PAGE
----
I have had the good fortune of teaching an online series of courses made available to our school’s alumni and parents (i.e., an unforeseen silver lining of the pandemic and our collective introduction to the possibilities of Zoom). Recently, during a “semester” devoted to Borges’ Ficciones, we came across the following in Anthony Kerrigan’s “Introduction”: “In literature it is only necessary to outline the steps. Let the people dance."21 Despite being constrained by the lecture format, Dreyfus managed to “let the people dance.” The effect of my own online experience with this group of exceptional adult learners has turned me from teacher into student. The often excellent, even stunning, insights of the alums and parents make it clear that I need to follow Dreyfus’s lead “across the board” and learn to adopt both his ability to “let the people dance” and his willingness to make mistakes, to learn, to grow—to change his mind.

Dreyfus Studies Philosophy and…Teaching

But all of this flexibility and this seeming lack of a scholarly ego doesn’t just happen by chance. Dreyfus worked at the profession of teaching.

I have a peculiar habit,… I always tape my lectures, and when I’m going to give the lecture on that subject again the next year, I listen to the previous lecture.... [What I discovered is that] if you just take [risks] and suffer the consequences and feel good about the results, it tunes the neural net in your head and you’re not stuck with rules and you get so that you can respond to each particular situation in a way that mostly works. And if it doesn’t work, that’s all right too, because that’s how you learn.22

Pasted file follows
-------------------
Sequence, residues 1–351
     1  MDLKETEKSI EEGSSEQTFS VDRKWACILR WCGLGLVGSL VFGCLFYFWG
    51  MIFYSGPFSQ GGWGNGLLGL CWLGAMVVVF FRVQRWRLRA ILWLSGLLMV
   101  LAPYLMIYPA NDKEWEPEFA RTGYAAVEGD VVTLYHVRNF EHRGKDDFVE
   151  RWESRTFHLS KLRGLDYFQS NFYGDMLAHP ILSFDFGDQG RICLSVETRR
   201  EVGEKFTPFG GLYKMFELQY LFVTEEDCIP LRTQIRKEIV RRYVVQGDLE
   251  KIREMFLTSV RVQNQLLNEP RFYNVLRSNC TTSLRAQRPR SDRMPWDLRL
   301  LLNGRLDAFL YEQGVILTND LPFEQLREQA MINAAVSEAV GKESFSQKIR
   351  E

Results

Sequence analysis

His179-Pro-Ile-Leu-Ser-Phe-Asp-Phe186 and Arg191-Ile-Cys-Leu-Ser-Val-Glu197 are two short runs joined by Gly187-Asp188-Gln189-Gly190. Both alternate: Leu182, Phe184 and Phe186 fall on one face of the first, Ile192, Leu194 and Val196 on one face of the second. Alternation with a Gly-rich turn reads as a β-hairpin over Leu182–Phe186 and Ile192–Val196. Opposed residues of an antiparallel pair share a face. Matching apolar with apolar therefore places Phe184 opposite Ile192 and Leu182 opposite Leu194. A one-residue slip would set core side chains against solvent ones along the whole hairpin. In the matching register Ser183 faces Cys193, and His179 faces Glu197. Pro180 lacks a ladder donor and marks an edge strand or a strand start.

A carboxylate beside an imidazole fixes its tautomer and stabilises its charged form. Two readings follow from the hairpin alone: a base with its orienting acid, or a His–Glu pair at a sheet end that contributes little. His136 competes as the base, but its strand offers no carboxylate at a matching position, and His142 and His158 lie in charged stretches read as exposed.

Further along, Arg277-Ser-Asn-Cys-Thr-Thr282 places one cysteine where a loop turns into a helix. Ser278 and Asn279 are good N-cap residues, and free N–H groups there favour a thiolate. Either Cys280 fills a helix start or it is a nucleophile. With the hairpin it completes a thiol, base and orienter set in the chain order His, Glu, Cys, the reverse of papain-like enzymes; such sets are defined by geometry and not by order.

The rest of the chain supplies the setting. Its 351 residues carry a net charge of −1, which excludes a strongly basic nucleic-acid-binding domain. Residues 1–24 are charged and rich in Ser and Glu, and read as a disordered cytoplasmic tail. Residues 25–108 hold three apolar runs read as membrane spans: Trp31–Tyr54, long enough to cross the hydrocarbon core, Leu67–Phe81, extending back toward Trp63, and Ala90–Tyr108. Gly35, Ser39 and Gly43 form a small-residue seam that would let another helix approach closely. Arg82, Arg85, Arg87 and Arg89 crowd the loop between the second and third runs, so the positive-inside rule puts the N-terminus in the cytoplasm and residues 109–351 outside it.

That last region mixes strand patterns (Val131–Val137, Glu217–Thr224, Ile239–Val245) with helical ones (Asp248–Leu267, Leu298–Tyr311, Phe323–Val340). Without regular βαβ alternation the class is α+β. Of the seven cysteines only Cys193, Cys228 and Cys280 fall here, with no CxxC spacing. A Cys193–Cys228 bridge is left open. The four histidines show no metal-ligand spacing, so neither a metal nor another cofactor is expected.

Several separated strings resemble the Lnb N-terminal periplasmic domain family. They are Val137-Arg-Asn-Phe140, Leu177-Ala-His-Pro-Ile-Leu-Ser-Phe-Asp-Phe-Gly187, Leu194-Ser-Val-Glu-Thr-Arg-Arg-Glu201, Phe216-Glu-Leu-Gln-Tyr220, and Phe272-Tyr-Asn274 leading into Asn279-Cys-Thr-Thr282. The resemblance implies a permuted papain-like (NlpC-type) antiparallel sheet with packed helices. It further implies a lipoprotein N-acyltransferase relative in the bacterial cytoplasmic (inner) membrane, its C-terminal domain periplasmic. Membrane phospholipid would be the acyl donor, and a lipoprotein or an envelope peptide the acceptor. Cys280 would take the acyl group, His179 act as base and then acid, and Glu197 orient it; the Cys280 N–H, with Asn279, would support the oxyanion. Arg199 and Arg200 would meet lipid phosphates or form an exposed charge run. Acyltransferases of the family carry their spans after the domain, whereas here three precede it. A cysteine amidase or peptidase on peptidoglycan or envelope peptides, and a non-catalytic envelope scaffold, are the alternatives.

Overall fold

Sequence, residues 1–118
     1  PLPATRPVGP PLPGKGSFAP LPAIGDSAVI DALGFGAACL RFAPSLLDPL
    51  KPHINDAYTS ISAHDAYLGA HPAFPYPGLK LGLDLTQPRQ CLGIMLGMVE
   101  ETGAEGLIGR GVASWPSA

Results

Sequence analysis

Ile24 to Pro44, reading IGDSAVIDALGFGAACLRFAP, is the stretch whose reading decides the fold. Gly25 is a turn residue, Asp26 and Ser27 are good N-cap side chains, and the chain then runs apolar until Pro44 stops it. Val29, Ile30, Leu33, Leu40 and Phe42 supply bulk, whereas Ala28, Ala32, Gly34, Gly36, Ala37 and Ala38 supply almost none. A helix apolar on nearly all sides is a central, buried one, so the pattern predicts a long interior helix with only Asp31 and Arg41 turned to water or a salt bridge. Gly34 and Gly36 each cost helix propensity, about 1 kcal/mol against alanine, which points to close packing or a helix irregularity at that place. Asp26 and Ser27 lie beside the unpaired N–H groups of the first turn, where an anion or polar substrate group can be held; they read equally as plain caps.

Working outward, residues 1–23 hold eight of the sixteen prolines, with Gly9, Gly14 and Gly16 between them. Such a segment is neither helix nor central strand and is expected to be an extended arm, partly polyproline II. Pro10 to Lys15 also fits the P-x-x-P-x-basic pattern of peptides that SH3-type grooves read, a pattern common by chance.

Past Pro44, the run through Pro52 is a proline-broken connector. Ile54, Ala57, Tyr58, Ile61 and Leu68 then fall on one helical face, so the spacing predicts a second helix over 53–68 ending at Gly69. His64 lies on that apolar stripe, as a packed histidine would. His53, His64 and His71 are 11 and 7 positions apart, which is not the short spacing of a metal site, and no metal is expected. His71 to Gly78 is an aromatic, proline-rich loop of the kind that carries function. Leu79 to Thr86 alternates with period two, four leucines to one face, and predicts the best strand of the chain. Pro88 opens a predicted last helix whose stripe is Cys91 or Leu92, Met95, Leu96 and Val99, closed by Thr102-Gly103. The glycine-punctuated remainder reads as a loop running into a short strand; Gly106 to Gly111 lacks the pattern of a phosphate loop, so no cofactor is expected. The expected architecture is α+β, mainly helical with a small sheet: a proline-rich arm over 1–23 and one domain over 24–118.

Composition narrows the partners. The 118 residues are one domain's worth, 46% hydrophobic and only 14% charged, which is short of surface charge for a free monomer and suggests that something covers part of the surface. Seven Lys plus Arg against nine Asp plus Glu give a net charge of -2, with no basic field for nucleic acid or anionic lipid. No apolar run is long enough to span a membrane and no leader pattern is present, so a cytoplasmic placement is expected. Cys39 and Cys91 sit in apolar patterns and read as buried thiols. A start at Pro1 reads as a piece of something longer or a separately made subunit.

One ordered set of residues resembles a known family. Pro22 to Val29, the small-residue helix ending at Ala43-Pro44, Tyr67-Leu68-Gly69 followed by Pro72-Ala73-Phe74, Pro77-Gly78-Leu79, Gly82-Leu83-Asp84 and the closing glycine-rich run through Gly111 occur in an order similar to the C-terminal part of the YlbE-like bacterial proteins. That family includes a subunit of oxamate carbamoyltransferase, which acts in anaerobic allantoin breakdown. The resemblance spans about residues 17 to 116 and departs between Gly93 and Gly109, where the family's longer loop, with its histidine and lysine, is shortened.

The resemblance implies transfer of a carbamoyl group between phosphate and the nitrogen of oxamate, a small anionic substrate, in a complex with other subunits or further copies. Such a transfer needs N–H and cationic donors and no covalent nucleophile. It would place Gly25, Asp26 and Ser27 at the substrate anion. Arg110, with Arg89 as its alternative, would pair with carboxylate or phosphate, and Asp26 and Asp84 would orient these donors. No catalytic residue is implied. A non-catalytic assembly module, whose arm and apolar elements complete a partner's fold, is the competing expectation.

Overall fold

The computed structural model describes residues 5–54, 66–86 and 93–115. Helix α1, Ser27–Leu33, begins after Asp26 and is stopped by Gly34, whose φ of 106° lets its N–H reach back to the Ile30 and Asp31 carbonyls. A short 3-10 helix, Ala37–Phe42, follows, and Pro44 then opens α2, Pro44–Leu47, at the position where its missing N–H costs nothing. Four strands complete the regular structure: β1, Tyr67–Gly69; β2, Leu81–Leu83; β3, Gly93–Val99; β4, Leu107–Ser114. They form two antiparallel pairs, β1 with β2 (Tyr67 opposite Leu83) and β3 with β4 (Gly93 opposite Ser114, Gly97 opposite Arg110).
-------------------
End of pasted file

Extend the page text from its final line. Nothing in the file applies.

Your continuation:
Later in the interview with Harry Kreisler, Dreyfus connects the approach he described above to Aristotle’s conception of phronesis or practical wisdom—a stage beyond mere expertise which Dreyfus ultimately identifies as mastery.

Aristotle says if you keep acting and getting experiences and making mistakes and learning, you will finally become phronemos, a person of practical wisdom, and that means you’ll do the appropriate thing at the appropriate time in the appropriate way,… And that’s being a master. That’s the highest thing you can be.23

Beyond Expertise to Mastery

Mastery is that somewhat mysterious and therefore difficult-to-define stage of development when one begins to rely more and more on experience and intuition and less and less on principle or rational calculation.24 It is a state in which one takes one’s arduously acquired expertise and uses it as a springboard to even further development. One no longer feels the need to stake out one’s territory and defend one’s opinions. Rather than being “the satisfied expert,”25 one commits to continual growth.